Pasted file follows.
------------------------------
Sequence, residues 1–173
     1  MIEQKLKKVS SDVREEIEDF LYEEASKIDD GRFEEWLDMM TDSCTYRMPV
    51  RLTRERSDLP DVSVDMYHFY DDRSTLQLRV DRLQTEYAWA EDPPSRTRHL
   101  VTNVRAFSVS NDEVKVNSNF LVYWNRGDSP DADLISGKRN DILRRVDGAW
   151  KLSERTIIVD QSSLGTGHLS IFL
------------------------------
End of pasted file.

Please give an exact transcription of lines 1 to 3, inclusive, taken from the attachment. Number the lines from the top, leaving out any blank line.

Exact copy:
Sequence, residues 1–173
     1  MIEQKLKKVS SDVREEIEDF LYEEASKIDD GRFEEWLDMM TDSCTYRMPV
    51  RLTRERSDLP DVSVDMYHFY DDRSTLQLRV DRLQTEYAWA EDPPSRTRHL